Make no mistake, the CDC’s loosening of personal protection equipment (PPE) guidelines is a result of our country not being prepared. Loosening guidelines increases health care workers’ risk, but the decision is done to allow us to keep working. It is done for the public benefit—so I can continue to work no matter the personal cost to me or my family (and my health care family). It is easier to loosen standards than it is to adhere to them. Sending health care workers to the front line asking them to cover their face with a bandana is akin to sending a soldier to the front in a t-shirt and flip flops.
I don’t want talk. I don’t want assurances. I want action. I want boxes of N95 masks piling up in hospitals, donated from the people who hoarded them or from stockpiles of less critical use. I want nonclinical hospital administrators lining up in the ER asking if they can stock shelves to make sure that when I need to rush into a room, the drawer of PPE equipment I open isn’t empty. I want them showing up in the ER asking “how can I help” instead of offering shallow plans conceived by someone who has spent far too long in an ivory tower and not long enough in the trenches. I want them in the trenches beside me for this fight. We need as many helping hands as we can get.
I want multibillion-dollar companies like 3M halting all production of any product that isn’t PPE to focus on PPE manufacturing. I want a company like Amazon, with its logistics mastery (it can drop a package to your door less than 24 hours after you ordered it), halting its two-day delivery of toilet paper to the highest bidder in order to help deliver available PPE supplies fast and efficiently to my brothers and sisters in arms across this nation who need them.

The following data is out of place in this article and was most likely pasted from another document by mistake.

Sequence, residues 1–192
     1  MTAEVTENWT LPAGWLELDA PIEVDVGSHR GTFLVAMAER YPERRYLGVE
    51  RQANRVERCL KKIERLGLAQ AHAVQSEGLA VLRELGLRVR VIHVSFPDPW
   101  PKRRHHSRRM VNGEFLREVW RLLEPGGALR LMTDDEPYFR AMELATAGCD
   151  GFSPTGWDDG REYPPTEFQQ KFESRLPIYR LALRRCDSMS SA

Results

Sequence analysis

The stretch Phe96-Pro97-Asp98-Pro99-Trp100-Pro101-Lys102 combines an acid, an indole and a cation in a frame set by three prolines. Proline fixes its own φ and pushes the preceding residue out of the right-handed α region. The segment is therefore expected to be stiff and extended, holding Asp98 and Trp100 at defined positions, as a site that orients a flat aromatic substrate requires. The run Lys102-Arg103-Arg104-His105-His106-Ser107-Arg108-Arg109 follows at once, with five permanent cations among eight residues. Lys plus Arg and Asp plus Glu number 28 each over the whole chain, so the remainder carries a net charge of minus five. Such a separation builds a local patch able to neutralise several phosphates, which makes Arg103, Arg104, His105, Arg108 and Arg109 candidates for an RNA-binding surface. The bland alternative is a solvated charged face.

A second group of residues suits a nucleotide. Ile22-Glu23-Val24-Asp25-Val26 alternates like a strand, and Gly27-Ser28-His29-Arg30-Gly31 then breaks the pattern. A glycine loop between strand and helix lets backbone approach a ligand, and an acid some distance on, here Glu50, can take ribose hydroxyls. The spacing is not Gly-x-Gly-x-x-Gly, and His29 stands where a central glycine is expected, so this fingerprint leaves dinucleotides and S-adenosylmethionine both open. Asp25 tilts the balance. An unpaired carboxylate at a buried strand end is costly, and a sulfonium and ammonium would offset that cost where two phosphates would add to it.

I want Procter & Gamble, and the makers of other soaps and detergents, stepping up too. We need detergent to clean scrubs, hospital linens and gowns. We need disinfecting wipes to clean desk and computer surfaces. What about plastics manufacturers? Plastic gowns aren’t some high-tech device—they are long shirts/smocks, made out of plastic. Let’s get on it. Face shields. Nitrile gloves. Let’s go.
Money talks in this country. Executives and millionaires, could you spare some money to buy back some masks from the hoarders and then drop them off at the nearest hospital? Nobody condones price gouging, but nurses and paramedics cannot afford to buy a mask for $50; maybe you can.
I love biotechnology and research, but we need to divert viral culture media for COVID testing and research. We need biotechnology manufacturing ready and able to ramp up if and when treatments or vaccines are developed. Our Botox supply isn’t critical, but our antibiotic supply is. We need to be able to make more plastic endotracheal tubes, not more silicone breast implants. And we need ventilators, a lot of them. Tesla engineers can you get to work?
Let’s see all that. Then we can talk about how we all played our part in this fight. Netflix and chill is not enough while my family, friends and colleagues are out there fighting. Our country won two world wars because the entire country mobilized. We outproduced and out-manufactured everyone else while our soldiers outfought the enemy. Today, we need that level of commitment again. Make no mistake: we are at war. Health care workers are your soldiers, and the battle has just begun.